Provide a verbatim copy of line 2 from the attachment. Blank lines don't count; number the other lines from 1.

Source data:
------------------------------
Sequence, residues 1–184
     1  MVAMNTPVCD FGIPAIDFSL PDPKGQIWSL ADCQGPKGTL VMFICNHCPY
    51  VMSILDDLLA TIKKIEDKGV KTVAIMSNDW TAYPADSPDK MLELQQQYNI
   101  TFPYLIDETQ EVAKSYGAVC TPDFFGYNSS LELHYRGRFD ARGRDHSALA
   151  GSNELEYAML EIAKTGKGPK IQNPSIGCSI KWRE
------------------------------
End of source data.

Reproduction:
     1  MVAMNTPVCD FGIPAIDFSL PDPKGQIWSL ADCQGPKGTL VMFICNHCPY